I’ve been saying this for years. We need to send a select number of CERT types to Quantico for the FBI academy and give them badges. It’s time to start putting some providers in jail for the level of malfeasance they’ve been committing. No… I know… That will never happen. Still you have to rise to some level of information security. Well. Actually you don’t currently.

3) Multi-modal attacks will become prevalent (Hoffman would say hybrid).

Nearly all conflict has had a technical communications component for the last several hundred years if not forever. Command and control warfare has been part of the tactical and operational strategy of generals for a long time. With the evolution of the electronic communication field that has only accelerated. There is incredible risk in not securing the communications conduits of society but they’ve existed for a long time. Luckily the fusion of a couple technological threads is going to solve a bunch of problems.

Utility computing is when the computer leaves the monolithic computing device strategy and the “horsepower” is off loaded to a cluster or <shudder> cloud computing platform. Utility computing becomes an appliance  that has very few parts and is more of a display and interface mechanism. Appliance computing platforms and cloud environments (when actually secured) have the ability to secure information much better than end point devices. There is some great research being done down this path and the Google Android/ChromeBook, Apple iPhone/iPad, and Microsoft Metro systems all seem to be converging on this.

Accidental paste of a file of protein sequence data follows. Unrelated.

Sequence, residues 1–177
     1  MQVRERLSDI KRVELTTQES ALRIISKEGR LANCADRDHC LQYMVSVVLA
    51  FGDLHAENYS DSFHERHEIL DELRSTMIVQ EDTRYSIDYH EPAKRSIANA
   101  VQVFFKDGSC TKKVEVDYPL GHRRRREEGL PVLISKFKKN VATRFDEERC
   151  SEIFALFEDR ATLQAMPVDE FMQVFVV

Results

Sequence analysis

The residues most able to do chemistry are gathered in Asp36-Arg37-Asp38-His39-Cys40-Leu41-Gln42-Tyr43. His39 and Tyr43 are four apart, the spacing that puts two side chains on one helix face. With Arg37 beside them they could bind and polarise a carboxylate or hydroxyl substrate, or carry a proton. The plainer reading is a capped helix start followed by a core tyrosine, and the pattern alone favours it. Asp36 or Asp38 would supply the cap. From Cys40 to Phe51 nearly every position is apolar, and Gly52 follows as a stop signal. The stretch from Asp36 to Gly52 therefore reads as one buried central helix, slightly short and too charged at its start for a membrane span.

The current vulnerability that has not been put into most risk calculus is ignored by government and industry security types alike. Though I’ve been discussing this for years I haven’t found any traction in the discussion. The continued development of cyber physical systems, and brain to computer interfaces have only been delved into a tiny bit. The exploit of an insulin pump earlier this year announced at a hacker conference I thought would give people pause. Past stories about threats to former Vice President Cheney’s heart diagnostic machine might have gotten traction. Yet they are fairly well ignored. This is a classic example of risk calculus breaking down. The vulnerabilities exist, there are specific and alliterated threats, and the mitigation strategies are almost non-existent.

There is another element to this hybrid attack and risk vector. As computing does become more secure the stakes rise. So adversarial action rises to that new higher threshold. The tools of exploitation and acquisition keep pace with this rising level of difficulty. That means the threats, vulnerabilities and associated impacts become larger. Adversary work factor will focus the adversary on only the most tasty of targets. Current state of the art is not up to this task. Especially when the weak link is the human being. We’ll know our technology efforts has succeeded when the bad guys start snatching system administrators in person.